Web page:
Spinning Electricity With An E-Charkha

Followers of Mahatma Gandhi are familiar with the charkha, a spinning wheel that produces a type of cotton known as khadi. A new twist on this old tool is that it can also be used to generate electricity, as an article in The Hindu describes its use near Jaipur:

In a few villages near here, Charkha, promoted by Mahatma Gandhi as a symbol of self-reliance and source of income for the rural population, has started doubling as a virtual micro-power plant in each poor household.

e-charkha — an improvised version of Ambar charkha, designed by Gandhian Ekambar Nath — does not resemble a typical charkha but can be operated by hand. A battery is attached to the e-charkha, which stores the electricity generated when it is being run. Two hours of operation is enough to light up the specially-designed LED light fitted to the e-charkha for eight hours.

A great way to continue an independent source of income, while producing electricity at the same time.

Petty Corruption not petty to those already suffering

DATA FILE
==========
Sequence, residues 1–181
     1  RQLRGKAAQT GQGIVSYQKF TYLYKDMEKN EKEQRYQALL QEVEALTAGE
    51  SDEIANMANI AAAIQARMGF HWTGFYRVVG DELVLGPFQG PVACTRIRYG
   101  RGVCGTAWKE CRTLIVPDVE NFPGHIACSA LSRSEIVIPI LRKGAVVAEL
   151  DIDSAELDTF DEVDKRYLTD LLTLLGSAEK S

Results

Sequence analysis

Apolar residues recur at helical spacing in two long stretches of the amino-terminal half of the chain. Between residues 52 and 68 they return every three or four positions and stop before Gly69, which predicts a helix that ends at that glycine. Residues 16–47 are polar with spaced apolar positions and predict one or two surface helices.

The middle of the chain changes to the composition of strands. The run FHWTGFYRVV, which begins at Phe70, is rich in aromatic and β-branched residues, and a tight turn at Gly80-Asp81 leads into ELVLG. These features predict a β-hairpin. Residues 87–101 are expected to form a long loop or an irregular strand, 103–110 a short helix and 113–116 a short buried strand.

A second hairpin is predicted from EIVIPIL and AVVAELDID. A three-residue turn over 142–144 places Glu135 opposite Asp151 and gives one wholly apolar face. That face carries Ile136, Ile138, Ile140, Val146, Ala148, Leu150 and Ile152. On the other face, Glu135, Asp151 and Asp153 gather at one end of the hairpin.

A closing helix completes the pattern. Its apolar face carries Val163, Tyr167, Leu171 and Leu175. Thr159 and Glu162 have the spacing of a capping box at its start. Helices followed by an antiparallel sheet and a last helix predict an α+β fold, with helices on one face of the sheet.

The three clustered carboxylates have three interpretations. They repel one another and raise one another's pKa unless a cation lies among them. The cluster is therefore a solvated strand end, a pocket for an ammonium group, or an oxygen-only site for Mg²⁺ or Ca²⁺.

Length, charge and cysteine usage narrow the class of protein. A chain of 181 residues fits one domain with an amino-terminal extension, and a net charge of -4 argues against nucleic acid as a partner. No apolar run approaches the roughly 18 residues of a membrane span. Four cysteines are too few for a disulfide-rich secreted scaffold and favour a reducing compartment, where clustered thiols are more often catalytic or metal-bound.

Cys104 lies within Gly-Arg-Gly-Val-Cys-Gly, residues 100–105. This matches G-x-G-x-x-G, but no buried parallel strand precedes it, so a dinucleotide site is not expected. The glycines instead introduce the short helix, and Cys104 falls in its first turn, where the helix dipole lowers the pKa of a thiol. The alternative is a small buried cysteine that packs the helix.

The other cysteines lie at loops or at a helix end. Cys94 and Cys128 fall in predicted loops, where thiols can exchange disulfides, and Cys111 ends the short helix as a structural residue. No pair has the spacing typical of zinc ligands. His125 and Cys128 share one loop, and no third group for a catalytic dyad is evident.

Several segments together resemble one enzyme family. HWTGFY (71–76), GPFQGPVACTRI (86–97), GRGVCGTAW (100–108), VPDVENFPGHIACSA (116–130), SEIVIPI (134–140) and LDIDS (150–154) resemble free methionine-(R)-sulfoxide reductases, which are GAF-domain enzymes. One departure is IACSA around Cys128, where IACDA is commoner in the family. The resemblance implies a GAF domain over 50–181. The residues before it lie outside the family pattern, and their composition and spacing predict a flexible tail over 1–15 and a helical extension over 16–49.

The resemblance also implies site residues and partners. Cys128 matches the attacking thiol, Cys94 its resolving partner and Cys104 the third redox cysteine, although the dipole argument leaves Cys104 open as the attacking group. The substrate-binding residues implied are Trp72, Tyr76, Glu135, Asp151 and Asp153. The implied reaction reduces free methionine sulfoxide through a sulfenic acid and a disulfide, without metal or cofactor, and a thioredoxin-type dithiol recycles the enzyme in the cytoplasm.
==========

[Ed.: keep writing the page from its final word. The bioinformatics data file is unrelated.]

One third of people living below poverty line in India paid bribes to access healthcare, education and water among other basic facilities, says a new study which also dubs the police force as the most corrupt among the services surveyed.

This is from an article in The Hindu. Some academics have argued that in the larger scope of things corruption on this level (aka petty corruption — hand to hand bribes) while inefficient is not necessarily a negative occurrence as it enables individuals to gain access to services they otherwise would be unable to receive.

Yet one must ask how such practices are not damaging when those already below the poverty line must fork up a significant portion of their already meager incomes to obtain basic necessities?

Helping to improve the Jaipur Foot: MIT’s M-Lab

We had mentioned earlier in this space about the Jaipur Foot Organization, which has helped millions of patients in India and around as the world’s largest provider of low-cost prosthetic devices. We had also mentioned the initiative by a group of MIT students helping to improve the Jaipur Foot design and also to reduce production costs, making the technology even more accessible.